A plentiful intake of omega 3 lies at the heart of any healthy lifestyle, especially if you’re battling with breakouts. Indeed, omega-3 fatty acids boast anti-inflammatory properties, which bode well for clearing up acne. For best results, we’d suggest adding a Maximum Strength Pure Fish Oil 1300mg to your anti-acne diet.
Zinc enhances immune function, reduces inflammation and promotes healthy hormone levels – a triple threat that supports the optimal function of your skin. Many nutritionists now prefer the ‘citrate’ form of zinc because the material is known to be readily absorbed. 25mg of zinc per day should be enough to perfect your pores.
As an antioxidant powerhouse, selenium works to limit oxidative stress in the body, which decreases the inflammation that contributes to acne breakouts. We believe a quality selenium supplement should supply 200µg per day.
Did you know Vitamin E is the most potent antioxidant in the body? Its main function is to help combat the highly reactive free radicals that wreak havoc on your body, especially your skin. A therapeutic dose of 400mg is typically advised to plug any gaps you may encounter through diet alone.
Vitamin C supports the normal function of the immune system and protects cells from oxidative stress. So, like it’s antioxidant counterparts above, it plays a significant role in supporting the health of your skin and banishing breakouts. 500mg per day should be sufficient to work its magic for your acne.
We’ve all heard the buzz about vitamin D and its immune boosting properties, right? But are you aware it can improve acne breakouts too? Yes, vitamin D just got even better. This is because it has the ability to support and nourish your endocrine system (the collection of glands that secrete hormones). A healthy endocrine system = harmonious hormones = clearer skin: simple! Taking 2000iu will do your complexion the world of good.
Quickfire dos and dont’s
Stay hydrated throughout the day (we’re talking at least 10 glasses of water
Wash your makeup brushes and applicators after every use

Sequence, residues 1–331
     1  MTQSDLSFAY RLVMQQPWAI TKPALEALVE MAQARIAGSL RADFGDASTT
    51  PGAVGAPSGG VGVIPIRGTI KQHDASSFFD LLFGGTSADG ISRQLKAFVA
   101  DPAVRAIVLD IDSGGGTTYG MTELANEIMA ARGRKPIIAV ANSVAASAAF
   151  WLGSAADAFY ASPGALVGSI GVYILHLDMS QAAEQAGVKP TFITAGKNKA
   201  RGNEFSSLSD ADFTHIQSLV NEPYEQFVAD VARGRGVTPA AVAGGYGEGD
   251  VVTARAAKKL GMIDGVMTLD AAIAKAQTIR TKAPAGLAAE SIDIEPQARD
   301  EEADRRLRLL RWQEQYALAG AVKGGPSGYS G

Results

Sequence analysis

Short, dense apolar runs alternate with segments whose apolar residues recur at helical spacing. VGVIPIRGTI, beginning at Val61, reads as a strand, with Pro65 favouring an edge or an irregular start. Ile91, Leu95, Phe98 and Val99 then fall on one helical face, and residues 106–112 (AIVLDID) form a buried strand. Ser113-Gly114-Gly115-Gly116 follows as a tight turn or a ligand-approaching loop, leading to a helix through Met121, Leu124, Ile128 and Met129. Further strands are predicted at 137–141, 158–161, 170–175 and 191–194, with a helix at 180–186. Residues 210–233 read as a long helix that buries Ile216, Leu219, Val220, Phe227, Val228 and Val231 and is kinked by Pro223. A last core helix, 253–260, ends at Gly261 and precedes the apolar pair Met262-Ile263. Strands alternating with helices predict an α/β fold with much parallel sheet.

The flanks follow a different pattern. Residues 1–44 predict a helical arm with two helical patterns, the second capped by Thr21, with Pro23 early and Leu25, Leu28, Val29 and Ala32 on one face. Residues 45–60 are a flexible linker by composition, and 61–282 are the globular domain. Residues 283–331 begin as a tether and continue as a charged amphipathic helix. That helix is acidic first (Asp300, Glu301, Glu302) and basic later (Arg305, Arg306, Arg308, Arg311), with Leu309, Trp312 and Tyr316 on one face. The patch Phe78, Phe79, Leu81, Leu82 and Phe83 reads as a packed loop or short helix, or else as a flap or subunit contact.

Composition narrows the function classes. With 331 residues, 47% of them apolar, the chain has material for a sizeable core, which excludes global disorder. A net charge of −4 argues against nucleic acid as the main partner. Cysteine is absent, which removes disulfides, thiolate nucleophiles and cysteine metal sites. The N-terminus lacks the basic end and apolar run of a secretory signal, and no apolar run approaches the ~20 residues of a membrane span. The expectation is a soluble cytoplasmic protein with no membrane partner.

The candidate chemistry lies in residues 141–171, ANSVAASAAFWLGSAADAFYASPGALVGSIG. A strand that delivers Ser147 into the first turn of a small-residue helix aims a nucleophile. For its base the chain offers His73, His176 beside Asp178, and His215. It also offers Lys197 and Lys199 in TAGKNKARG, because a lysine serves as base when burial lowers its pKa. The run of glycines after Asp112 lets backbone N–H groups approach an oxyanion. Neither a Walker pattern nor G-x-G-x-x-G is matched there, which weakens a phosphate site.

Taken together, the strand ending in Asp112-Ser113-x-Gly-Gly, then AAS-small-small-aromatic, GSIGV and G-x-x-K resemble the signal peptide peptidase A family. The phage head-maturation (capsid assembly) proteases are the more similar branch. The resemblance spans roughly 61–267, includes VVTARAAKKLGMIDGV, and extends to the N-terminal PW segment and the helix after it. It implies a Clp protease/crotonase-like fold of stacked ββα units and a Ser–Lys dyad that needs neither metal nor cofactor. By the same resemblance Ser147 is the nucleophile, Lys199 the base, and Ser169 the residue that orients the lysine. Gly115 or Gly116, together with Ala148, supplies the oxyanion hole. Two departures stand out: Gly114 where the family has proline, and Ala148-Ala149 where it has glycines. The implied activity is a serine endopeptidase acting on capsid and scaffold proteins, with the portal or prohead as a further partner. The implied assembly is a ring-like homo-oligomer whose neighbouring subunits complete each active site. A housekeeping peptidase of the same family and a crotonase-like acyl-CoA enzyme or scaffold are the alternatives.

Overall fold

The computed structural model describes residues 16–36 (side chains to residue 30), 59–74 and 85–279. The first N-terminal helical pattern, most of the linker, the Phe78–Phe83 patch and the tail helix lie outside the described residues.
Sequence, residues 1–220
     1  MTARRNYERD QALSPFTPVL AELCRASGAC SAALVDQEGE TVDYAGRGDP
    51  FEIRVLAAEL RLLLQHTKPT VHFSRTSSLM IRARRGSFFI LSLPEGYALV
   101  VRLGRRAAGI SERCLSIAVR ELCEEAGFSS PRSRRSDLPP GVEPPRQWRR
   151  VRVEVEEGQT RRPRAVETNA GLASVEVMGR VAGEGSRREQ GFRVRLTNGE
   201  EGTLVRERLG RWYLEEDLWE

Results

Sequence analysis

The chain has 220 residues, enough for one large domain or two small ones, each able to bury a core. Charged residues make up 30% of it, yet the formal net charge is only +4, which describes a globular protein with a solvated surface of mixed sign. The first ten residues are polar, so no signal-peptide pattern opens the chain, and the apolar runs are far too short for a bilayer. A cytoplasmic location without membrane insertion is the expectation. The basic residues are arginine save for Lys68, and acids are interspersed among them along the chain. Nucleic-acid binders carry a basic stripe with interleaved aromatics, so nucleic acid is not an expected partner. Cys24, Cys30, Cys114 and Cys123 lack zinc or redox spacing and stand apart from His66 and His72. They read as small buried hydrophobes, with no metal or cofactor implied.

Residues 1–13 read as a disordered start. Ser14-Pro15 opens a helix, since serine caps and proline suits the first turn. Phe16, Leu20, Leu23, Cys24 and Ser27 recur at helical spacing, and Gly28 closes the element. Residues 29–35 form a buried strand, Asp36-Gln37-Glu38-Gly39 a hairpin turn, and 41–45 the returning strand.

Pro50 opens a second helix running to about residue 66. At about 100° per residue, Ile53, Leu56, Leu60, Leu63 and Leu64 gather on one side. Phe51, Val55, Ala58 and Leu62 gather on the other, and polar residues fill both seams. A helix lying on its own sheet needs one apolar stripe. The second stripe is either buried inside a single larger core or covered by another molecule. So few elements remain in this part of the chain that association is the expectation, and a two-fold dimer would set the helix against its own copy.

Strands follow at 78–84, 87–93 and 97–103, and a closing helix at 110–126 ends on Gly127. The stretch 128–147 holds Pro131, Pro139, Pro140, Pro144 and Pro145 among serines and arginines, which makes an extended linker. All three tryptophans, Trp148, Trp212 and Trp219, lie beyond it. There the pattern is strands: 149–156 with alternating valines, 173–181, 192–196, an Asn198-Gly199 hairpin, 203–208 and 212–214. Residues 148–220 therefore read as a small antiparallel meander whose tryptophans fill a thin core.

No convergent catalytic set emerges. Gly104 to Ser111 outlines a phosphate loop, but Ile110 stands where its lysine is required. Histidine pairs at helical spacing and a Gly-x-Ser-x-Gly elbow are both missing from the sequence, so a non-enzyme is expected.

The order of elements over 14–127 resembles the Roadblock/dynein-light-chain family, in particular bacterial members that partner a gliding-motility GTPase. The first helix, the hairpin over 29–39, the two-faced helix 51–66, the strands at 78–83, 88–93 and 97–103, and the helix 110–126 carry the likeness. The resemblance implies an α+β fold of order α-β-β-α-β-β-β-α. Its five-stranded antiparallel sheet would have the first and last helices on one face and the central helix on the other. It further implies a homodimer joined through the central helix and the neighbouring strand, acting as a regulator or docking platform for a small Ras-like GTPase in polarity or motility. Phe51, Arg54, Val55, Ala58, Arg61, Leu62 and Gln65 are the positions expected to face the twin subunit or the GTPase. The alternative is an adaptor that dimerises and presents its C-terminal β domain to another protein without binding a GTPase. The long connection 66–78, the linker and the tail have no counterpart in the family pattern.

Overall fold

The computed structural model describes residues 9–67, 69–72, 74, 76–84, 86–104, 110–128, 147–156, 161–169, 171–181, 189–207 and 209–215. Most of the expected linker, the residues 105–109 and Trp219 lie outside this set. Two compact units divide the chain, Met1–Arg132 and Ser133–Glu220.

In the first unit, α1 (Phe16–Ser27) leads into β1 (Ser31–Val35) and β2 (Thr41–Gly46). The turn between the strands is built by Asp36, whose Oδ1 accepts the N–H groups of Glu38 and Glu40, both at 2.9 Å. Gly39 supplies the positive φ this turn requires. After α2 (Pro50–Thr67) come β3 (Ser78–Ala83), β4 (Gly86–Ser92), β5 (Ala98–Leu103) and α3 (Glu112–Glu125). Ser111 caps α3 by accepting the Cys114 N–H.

Apply tea tree oil to breakouts at night
Exfoliate with a natural cleanser once a week
Use an SPF every day (yes – even in winter)
Moisturise day and night – coconut oil works a treat
Pick blemishes, as this can contribute to acne scarring
Over cleanse with harsh chemicals
Go to bed with your makeup on – this is a BIG no, no
Sleep in dirty sheets or use unclean towels
To sum up
With an integrative and holistic approach – or even medical intervention should you require it, you can successfully banish bothersome breakouts. That said, the journey to a clear complexion can feel like an emotional rollercoaster – don’t feel you have to soldier through it alone. We understand that acne has a deeper, also has a profound impact on your emotional well being, so be sure to seek support if you need it. Why not check out our other articles on supporting mental health with PCOS to get you started?
Elsaie, M.L. (2016). Hormonal treatment of acne vulgaris: an update. Clinical, Cosmetic and Investigational Dermatology. 9, 241–248.
Burris, J., et al. (2013). Acne: The Role of Medical Nutrition Therapy. Journal of the Academy of Nutrition and Dietetics. 113 (3): 416-430.
Smith, R.N., et al. (2007). A low-glycaemic-load diet improves symptoms in acne vulgaris patients: a randomized controlled trial. The American Journal of Clinical Nutrition. 86 (1): 107-115.
Kumar, S., et al. (2014). Future perspective of probiotics in dermatology: an old wine in new bottle. Dermatol Online J. 16 (9): pii.
Albuquerque, R.G.R., et al. (2014). ) Could adult female acne be associated with modern life? Archives of Dermatological Research. 306 (8): 683–688.
Cauter, E.V., et al. (2011). Sleep disturbances and insulin resistance. Diabet. Med. 28: 1455–1462.
Lamel, S.A., et al. (2015). Evaluating clinical trial design: systematic review of randomized vehicle-controlled trials for determining efficacy of benzoyl peroxide topical therapy for acne. Archives of Dermatological Research. 307 (9): 757.
Kircik, L.H. (2013). Evaluation of the Efficacy, Tolerability, and Safety of an Over-the-Counter Acne Regimen Containing Benzoyl Peroxide and Salicylic Acid in Subjects With Acne. J Drugs Dermatol. 12(3): 259-64.
Veraldi, S., et al. (2015). Treatment of mild to moderate acne with a fixed combination of hydroxypinacolone retinoate, retinol glycospheres and papain glycospheres. G Ital Dermatol Venereol. 150(2): 143-7.
Titus, S., Hodge, J. (2012). Diagnosis and treatment of acne. Am Fam Physician. 86(8): 734-40.